On the tasks of the British Bolshevik-Leninists

The first International Conference of the Fourth International, was actually held in Paris, from July 29-31, 1936. It was usually referred to as the “Geneva” Pre-Conference, for security reasons. More material from this conference can be read in Documents of the Fourth International. The Formative Years (1933-40), Pathfinder Press 1973, edited by Will Reisner.

James attended as a delegate from the Marxist Group, with Bert Matlow as an observer. The Bolshevik-Leninist Group in the Labour Party was represented by Denzil Dean Harber, with Charlie Van Gelderen attending as an observer. The Marxist League was invited but was not present.

More material on the British groups and the “Geneva” conference can be found in Against the Stream. A History of the Trotskyist Movement in Britain 1924-38 by Sam Bornstein and Al Richardson, and in John Archer’s PhD Thesis Trotskyism in Britain 1931-37 (Central London Polytechnic, 1979).

Resolution on the Tasks of the British Bolshevik-Leninists,
unanimously agreed by the “Geneva” Pre-Conference,
July 29-31, 1936

The Geneva Conference considers it an extremely urgent necessity to effect with the least possible delay the unification of the three English groups which at present are working on the basis of the fundamental principles and programme of the Fourth International. Clearly on this question of fusion, no group can demand that another dissolve itself and that its members join the first group individually. In the opinion of the Conference, the continued existence side by side of the three groups weakens the effectiveness of our movement, by the fact that, without there being apparent differences of principle, they are separate from one another and often work for opposed ends, thus preventing the development of the progress of the Fourth International in Britain. The Conference sees no principled reason for such a division of the forces and demands a fusion on a democratic basis which will make possible the establishment of a section of the Fourth International in this country.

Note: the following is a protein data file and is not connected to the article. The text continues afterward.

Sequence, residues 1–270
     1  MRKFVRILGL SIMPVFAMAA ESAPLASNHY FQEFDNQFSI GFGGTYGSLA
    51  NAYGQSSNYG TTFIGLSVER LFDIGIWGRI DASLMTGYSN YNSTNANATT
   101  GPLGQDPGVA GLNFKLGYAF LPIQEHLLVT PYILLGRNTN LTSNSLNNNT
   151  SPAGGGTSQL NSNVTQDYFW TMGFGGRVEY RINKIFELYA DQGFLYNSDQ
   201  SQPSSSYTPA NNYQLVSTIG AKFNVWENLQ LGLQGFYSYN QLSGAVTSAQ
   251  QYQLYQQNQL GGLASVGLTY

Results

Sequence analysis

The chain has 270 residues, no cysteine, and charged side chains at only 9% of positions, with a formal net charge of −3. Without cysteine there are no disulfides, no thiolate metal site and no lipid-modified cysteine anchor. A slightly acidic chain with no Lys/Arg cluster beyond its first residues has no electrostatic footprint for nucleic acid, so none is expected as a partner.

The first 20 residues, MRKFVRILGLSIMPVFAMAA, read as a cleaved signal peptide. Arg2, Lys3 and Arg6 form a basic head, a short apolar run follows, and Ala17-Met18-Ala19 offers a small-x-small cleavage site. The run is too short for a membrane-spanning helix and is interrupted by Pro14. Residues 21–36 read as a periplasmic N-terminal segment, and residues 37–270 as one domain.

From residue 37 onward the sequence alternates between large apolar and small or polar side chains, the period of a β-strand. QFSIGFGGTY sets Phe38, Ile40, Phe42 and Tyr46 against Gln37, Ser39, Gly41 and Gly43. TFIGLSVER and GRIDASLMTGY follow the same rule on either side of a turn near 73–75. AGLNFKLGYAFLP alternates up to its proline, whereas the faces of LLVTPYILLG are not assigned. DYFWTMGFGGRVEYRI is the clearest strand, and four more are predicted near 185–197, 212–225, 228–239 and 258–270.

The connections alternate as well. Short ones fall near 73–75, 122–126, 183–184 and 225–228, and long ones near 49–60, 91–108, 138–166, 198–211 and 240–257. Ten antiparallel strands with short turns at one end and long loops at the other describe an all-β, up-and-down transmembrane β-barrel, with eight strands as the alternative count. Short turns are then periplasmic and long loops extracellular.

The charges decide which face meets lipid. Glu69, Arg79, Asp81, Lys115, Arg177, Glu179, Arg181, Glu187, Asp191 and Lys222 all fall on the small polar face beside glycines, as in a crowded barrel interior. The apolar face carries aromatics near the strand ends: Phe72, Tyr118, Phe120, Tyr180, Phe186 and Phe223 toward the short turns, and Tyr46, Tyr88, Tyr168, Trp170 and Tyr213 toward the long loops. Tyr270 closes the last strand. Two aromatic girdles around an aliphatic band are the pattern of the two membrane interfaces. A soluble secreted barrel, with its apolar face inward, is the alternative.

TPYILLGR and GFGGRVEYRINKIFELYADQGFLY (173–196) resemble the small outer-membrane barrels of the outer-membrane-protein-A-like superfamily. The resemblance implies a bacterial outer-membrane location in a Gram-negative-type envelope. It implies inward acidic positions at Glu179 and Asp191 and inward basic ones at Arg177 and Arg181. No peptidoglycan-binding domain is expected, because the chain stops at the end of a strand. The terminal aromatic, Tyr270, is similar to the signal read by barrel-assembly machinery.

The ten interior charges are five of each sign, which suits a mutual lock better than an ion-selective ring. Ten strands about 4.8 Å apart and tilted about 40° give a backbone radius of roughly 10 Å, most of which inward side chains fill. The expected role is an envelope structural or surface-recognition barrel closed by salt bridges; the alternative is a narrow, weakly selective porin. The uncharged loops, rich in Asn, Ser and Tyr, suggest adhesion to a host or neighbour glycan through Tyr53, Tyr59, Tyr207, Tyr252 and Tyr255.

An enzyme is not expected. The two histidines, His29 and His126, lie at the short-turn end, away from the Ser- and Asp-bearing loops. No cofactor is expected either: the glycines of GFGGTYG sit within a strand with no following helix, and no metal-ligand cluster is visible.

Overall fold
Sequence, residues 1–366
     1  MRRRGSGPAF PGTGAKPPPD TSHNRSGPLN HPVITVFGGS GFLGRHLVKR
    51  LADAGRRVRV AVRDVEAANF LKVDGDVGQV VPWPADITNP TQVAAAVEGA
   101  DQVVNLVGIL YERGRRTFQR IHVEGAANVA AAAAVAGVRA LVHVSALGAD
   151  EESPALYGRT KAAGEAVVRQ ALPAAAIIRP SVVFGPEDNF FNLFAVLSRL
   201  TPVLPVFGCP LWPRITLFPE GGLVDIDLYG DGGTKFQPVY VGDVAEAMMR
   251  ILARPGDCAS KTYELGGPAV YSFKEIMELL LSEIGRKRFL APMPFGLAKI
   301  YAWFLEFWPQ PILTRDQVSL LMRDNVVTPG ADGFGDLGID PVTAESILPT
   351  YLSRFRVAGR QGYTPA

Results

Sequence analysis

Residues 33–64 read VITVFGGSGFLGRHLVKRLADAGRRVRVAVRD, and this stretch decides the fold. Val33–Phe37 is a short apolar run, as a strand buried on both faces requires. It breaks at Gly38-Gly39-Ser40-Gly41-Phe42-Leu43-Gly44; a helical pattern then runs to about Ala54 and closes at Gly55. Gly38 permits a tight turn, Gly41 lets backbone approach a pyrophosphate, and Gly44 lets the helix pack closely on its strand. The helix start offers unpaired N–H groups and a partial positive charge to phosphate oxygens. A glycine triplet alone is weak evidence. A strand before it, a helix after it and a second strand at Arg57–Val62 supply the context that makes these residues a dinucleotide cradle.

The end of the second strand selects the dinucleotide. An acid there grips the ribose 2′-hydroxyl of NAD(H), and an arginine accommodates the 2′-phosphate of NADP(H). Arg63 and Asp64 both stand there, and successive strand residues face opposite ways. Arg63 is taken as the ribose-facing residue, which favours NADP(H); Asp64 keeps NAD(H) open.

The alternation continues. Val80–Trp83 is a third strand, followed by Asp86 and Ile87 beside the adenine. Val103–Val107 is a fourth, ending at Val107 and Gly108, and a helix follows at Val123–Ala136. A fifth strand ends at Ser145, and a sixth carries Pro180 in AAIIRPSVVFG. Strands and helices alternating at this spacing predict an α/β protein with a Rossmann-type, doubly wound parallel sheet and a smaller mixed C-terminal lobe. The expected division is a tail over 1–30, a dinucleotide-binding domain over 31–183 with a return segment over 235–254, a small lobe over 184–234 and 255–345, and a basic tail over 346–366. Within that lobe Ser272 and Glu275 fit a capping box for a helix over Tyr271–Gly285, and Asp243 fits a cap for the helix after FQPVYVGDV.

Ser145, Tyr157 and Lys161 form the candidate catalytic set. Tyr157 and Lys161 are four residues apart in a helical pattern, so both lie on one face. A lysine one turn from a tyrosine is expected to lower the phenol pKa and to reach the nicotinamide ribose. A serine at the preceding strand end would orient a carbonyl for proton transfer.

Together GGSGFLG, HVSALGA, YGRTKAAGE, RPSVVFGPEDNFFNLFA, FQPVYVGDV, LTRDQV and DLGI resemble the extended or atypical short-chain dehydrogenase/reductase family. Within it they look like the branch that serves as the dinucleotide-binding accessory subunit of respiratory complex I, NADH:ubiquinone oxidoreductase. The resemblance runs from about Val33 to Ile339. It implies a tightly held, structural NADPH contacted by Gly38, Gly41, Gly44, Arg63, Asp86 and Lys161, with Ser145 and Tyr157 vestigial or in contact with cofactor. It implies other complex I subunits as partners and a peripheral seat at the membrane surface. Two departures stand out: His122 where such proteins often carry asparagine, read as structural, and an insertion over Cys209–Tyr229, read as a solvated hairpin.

The conference regrets the absence of a representative of the Groves group and the fact that it had not sent a document to the Conference. The Conference invites them to give their approval in principle to the official documents which have come out of the Conference.

The Conference is further of the opinion that the experience of the Bolshevik-Leninists within the ILP must be brought to an end, and that this group which at this moment is working within that organisation must shift its field of work in the direction of the mass organisations, especially towards the Labour Party and the Labour League of Youth. It is true that the Bolshevik-Leninists in the ILP can do trade union work, but they could do it much more effectively if in the eyes of the workers they were not associated with the bankrupt ILP. Their membership of the ILP rises like an impenetrable wall between the Bolshevik-Leninists and the mass movement of the youth, the potential reservoir of revolutionaries, from which the British Section of the Fourth International will draw the greater part of its cadres ” as well as the base of the Labour Party. It is necessary to know, not only the moment at which it is profitable for revolutionary Marxists to enter a reformist or centrist organisation, but also the moment when it is imperative to leave it, and to implant their movement and their ideas in another milieu. The ILP today is nothing but a centrist sect in decline; further work within it can only condemn our forces to mark time and vegetate in a restricted area. The Labour Party, the Trade Unions and in particular the reformist organisation of the youth offer much greater possibilities to strengthen our movement and speed the growth of the section of the Fourth International in Britain.

The Conference recommends to the group which is working in the ILP at this time to act in this way. If the Marxist Group decides to make a new experience (with the journal Fourth International) it will without any doubt reach the conclusion that no further development of the Bolshevik-Leninist forces is possible in the ILP. But there is the danger that this experience involves a loss of time which would be damaging, because it would signify that the Marxist Group would remain without a real or clear perspective for a long period of time. The concrete methods of effecting the departure from the ILP and entry into the Labour Party and the Labour Party's youth organisation, as well as the unification of the forces of the Fourth International in Britain within the Labour Party, must be left to the English comrades to work out. The Conference instructs the International Secretariat and the General Council to follow the development in Britain with the greatest attention and to supply to the British Comrades all the help they can, in accordance with the line proposed by this resolution

July 31, 1936

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Updated by ETOL: 18.10.2003